More than 200 stakeholders of WADA were brought together for the ABP Symposium ©WADA

The World Anti-Doping Agency united more than 200 stakeholders as it staged the third Athlete Biological Passport (ABP) Symposium in New Delhi.

Delegates from all parts of ABP programmes - such as testing, administration, expert reviews and results management - came together to promote practices compliance and to exchange knowledge and lessons.

The event, hosted by India's National Anti-Doping Organisation, involved national and regional anti-doping bodies, International Federations, Athlete Passport Management Units (APMUs), WADA-accredited laboratories as well as ABP specialists who review passports.

"WADA was thrilled to convene so many stakeholders from around the world to discuss the Athlete Biological Passport programme," said Reid Aikin, WADA associate director of the ABP.

"The success of the ABP relies heavily on the coordination and collaboration between different stakeholder groups.

"A key theme of this Symposium was enhancing communication between ABP partners - recognising its importance, where it can be improved and ultimately working towards developing solutions to enhance the exchange of information between all involved in the ABP."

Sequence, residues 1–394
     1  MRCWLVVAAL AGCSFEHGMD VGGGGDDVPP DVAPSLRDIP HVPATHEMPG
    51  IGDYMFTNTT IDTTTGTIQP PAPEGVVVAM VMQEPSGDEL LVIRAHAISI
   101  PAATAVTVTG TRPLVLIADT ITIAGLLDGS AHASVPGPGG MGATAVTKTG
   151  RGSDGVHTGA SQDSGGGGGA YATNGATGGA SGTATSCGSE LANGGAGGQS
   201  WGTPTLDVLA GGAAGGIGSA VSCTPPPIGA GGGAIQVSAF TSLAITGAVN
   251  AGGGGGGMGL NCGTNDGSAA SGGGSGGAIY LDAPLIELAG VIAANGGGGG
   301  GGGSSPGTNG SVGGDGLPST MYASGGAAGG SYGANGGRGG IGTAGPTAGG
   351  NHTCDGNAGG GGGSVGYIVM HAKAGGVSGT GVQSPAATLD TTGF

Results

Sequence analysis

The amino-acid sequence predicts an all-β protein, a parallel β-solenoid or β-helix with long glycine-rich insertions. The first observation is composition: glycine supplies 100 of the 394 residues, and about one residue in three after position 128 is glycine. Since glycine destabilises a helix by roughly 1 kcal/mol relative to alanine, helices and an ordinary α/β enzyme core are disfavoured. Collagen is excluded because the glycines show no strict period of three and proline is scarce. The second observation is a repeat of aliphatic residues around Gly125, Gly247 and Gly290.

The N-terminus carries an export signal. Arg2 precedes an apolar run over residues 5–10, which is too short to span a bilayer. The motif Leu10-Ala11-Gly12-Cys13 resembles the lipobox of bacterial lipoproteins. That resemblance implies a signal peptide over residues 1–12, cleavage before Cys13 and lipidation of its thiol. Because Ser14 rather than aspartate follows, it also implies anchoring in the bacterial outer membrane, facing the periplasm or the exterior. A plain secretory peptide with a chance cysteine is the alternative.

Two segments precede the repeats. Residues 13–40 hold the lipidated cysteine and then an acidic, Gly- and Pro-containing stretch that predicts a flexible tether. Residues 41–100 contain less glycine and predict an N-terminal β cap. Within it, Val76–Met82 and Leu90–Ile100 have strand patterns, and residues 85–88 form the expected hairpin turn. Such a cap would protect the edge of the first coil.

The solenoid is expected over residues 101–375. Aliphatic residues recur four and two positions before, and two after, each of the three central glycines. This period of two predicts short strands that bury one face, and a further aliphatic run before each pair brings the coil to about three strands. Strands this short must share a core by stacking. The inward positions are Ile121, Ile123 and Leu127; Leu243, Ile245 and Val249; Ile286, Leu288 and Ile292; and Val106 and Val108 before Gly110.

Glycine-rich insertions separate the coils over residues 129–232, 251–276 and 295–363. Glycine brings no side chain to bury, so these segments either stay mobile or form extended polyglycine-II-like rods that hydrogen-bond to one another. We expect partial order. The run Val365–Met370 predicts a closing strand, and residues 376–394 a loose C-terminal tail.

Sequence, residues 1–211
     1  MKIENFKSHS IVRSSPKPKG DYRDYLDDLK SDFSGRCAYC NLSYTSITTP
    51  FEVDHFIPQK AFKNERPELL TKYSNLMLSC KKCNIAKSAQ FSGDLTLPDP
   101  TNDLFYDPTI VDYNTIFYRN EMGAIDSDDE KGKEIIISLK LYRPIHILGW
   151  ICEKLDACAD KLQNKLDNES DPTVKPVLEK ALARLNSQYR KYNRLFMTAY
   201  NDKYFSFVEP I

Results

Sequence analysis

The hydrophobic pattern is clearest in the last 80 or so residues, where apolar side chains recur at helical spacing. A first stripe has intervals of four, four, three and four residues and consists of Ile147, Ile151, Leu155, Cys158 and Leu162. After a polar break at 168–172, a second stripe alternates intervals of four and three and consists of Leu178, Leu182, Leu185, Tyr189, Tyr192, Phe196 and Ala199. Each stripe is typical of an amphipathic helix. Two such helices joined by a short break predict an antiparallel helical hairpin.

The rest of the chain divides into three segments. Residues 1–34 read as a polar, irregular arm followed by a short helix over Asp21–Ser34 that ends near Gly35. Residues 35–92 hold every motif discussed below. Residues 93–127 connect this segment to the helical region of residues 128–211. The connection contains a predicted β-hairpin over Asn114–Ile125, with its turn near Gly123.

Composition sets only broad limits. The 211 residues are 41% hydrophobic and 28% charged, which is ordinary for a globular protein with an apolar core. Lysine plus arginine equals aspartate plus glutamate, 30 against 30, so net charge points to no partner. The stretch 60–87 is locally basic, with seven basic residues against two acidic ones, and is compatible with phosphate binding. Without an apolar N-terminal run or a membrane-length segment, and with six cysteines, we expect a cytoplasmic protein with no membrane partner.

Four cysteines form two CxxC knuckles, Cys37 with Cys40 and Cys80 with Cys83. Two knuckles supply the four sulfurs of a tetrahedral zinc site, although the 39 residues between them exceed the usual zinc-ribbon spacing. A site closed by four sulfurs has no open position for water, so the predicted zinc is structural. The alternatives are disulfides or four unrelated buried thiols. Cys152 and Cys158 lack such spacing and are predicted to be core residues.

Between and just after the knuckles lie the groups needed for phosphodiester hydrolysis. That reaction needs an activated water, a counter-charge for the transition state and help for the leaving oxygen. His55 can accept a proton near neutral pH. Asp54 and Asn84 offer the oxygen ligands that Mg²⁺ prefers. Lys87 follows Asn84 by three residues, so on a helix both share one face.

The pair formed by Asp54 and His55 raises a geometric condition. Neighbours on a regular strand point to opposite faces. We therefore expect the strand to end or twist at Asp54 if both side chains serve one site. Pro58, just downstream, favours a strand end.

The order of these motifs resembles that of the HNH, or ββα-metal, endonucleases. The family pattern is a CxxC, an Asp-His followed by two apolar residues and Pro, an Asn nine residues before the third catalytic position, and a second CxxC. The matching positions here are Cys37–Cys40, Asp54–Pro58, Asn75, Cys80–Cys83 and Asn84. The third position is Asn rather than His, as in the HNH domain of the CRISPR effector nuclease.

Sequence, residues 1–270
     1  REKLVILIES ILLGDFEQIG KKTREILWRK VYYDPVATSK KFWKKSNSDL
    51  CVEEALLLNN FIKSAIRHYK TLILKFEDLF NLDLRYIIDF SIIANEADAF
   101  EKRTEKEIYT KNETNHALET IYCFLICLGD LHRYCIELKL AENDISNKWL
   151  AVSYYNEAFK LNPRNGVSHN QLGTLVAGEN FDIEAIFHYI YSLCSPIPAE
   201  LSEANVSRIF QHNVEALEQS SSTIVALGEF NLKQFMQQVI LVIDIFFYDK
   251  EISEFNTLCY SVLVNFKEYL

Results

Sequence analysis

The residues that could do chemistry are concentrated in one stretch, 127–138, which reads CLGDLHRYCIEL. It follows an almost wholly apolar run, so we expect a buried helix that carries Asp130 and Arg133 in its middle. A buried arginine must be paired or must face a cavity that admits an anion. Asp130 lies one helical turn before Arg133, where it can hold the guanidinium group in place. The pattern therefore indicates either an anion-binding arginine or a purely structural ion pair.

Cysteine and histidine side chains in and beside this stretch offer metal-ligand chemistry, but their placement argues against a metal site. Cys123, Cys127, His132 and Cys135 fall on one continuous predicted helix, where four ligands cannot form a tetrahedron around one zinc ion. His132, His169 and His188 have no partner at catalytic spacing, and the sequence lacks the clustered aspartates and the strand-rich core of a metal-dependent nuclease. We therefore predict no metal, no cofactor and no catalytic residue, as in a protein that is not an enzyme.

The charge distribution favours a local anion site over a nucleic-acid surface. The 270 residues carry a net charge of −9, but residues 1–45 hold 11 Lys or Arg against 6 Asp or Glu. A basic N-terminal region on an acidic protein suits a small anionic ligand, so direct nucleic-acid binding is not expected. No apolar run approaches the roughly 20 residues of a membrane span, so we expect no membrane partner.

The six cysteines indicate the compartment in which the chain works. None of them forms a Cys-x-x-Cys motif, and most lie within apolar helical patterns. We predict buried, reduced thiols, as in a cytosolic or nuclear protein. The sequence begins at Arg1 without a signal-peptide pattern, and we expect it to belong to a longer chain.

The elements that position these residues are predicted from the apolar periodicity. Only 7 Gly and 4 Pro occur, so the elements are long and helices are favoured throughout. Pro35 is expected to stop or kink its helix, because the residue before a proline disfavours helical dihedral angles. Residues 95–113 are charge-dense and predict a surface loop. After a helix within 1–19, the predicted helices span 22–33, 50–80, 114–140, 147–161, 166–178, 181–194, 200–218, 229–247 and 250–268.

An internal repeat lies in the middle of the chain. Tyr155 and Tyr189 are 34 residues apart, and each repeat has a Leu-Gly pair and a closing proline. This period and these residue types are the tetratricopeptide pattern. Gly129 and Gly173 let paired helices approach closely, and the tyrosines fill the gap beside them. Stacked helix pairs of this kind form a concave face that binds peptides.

The Symposium's programme consisted of going through an overview of the endocrine module, examining the NextGen ABP module in WADA’s Anti-Doping Management System, implementing new blood steroidal markers within the steroidal module and discussing blood withdrawal as a form of doping evidence.

Talks were also held on using the ABP to reveal sample swapping, integrating information from the ABP into investigations, ABP legal developments and several cases relating to haematological, steroidal and endocrine passports.

Aikin added: "When we talk about 'Raising the Game' for the ABP, it is not just about integrating new markers or modules, it is also about doing more with the information we already have.

"As we have heard over the past three days, getting the right information to the right people is critical for the efficiency and efficacy of the ABP."